Haskell is a very interesting language, and shows up on sites like http://programming.reddit.com frequently. It’s somewhat mind-bending, but very powerful and has some great theoretical advantages over other languages. I have been learning it on and off for some time, never really getting comfortable with it but being inspired by it nonetheless.
But discussion on sites like reddit usually falls a little flat when someone asks a question like:
If haskell has all these wonderful advantages, what amazing applications have been written with it?
The responses to that question usually aren’t very convincing, quite honestly.
But what if I told you there was a wildly successful language, in some ways the most successful language ever, and it could be characterized by:
- lazy evaluation
- type inference
- immutable state
- tightly controlled side effects
- strict static typing
Surely that would be interesting to a Haskell programmer? Of course, I’m talking about SQL.
Now, it’s all falling into place. All of those theoretical advantages become practical when you’re talking about managing a lot of data over a long period of time, and trying to avoid making any mistakes along the way. Really, that’s what relational database systems are all about.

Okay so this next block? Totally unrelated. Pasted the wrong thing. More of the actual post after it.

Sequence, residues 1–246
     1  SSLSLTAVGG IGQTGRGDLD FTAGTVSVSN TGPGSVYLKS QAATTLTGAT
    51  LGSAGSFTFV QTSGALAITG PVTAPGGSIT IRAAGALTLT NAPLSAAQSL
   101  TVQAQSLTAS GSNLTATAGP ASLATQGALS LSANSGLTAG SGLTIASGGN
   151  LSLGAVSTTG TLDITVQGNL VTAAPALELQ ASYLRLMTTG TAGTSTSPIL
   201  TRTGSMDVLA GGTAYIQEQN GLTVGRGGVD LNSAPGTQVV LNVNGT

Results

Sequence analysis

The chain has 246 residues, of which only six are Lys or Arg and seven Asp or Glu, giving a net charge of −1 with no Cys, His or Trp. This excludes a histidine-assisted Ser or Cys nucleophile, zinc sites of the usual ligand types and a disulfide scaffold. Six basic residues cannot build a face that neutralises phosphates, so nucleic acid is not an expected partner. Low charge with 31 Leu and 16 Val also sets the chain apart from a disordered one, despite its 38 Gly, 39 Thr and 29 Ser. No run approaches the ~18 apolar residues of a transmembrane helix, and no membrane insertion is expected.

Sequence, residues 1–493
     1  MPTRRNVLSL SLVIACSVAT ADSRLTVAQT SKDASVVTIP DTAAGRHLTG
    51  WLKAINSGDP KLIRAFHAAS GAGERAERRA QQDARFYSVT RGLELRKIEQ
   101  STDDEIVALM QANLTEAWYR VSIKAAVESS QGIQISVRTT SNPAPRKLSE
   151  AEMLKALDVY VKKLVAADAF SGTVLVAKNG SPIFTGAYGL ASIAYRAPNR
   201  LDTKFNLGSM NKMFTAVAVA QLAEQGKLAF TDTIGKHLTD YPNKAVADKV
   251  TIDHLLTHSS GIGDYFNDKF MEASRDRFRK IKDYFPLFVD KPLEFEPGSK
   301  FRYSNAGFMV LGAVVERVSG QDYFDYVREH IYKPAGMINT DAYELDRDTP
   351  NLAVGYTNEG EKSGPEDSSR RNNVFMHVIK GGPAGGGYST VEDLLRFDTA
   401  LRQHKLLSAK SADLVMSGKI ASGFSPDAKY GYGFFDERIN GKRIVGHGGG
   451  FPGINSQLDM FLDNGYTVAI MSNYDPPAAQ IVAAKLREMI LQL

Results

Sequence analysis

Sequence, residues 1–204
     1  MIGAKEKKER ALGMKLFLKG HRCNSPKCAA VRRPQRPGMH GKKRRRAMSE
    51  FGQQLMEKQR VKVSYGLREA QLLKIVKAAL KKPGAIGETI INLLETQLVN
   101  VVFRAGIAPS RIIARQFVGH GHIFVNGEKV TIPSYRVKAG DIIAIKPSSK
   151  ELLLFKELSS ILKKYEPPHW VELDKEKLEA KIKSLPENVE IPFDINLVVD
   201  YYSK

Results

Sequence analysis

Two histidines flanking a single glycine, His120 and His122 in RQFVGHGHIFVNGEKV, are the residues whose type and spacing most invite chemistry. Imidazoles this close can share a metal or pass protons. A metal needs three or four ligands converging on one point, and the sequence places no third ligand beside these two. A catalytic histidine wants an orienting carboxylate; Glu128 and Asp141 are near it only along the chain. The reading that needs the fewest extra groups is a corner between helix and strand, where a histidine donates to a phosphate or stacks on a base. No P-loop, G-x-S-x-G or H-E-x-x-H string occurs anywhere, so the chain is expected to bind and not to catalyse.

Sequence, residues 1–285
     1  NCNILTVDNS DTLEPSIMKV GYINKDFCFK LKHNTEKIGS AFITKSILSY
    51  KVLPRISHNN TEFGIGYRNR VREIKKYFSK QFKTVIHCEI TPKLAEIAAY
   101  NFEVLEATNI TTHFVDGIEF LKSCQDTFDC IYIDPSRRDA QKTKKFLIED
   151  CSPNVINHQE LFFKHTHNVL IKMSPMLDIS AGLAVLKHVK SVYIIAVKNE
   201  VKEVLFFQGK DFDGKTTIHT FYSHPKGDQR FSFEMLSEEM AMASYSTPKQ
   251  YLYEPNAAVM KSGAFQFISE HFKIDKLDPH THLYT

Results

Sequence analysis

I speculate that SQL is so successful and pervasive that it stole the limelight from languages like haskell, because the tough problems that haskell would solve are already solved in so many cases. Application developers can hack up a SQL query and run it over 100M records in 7 tables, glance at the result, and turn it over to someone else with near certainty that it’s the right answer! Sure, if you have a poorly-designed schema and have all kinds of special cases, then the query might be wrong too. But if you have a mostly-sane schema and mostly know what you’re doing, you hardly even need to check the results before using the answer.
In other words, if the query compiles, and the result looks anything like what you were expecting (e.g. the right basic structure), then it’s probably correct. Sound familiar? That’s exactly what people say about haskell.
It would be great if haskell folks would get more involved in the database community. It looks like a lot of useful knowledge could be shared. Haskell folks would be in a better position to find out how to apply theory where it has already proven to be successful, and could work backward to find other good applications of that theory.
However, the data management space is also huge — a large fraction of those applications exist primarily to collect data or present data. So, if haskell folks could work with the database community to advance data management, I believe that would inspire a lot of interesting development.